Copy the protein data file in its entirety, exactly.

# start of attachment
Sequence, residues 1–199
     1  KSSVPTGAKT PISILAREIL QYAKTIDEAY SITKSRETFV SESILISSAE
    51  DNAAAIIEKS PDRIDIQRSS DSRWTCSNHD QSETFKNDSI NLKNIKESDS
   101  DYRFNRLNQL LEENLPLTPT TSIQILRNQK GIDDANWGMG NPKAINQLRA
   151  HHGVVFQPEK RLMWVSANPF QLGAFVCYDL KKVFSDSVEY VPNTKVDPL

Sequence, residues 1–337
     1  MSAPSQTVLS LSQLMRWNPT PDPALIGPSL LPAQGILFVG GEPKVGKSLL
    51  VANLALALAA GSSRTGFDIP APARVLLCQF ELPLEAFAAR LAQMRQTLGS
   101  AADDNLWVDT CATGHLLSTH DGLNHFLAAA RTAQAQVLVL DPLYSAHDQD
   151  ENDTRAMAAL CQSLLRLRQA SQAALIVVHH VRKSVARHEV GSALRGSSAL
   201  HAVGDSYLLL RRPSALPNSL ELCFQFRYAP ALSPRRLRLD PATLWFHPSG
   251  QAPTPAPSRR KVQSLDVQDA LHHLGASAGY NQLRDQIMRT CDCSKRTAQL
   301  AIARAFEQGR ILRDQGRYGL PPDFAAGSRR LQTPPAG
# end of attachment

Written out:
Sequence, residues 1–199
     1  KSSVPTGAKT PISILAREIL QYAKTIDEAY SITKSRETFV SESILISSAE
    51  DNAAAIIEKS PDRIDIQRSS DSRWTCSNHD QSETFKNDSI NLKNIKESDS
   101  DYRFNRLNQL LEENLPLTPT TSIQILRNQK GIDDANWGMG NPKAINQLRA
   151  HHGVVFQPEK RLMWVSANPF QLGAFVCYDL KKVFSDSVEY VPNTKVDPL

Sequence, residues 1–337
     1  MSAPSQTVLS LSQLMRWNPT PDPALIGPSL LPAQGILFVG GEPKVGKSLL
    51  VANLALALAA GSSRTGFDIP APARVLLCQF ELPLEAFAAR LAQMRQTLGS
   101  AADDNLWVDT CATGHLLSTH DGLNHFLAAA RTAQAQVLVL DPLYSAHDQD
   151  ENDTRAMAAL CQSLLRLRQA SQAALIVVHH VRKSVARHEV GSALRGSSAL
   201  HAVGDSYLLL RRPSALPNSL ELCFQFRYAP ALSPRRLRLD PATLWFHPSG
   251  QAPTPAPSRR KVQSLDVQDA LHHLGASAGY NQLRDQIMRT CDCSKRTAQL
   301  AIARAFEQGR ILRDQGRYGL PPDFAAGSRR LQTPPAG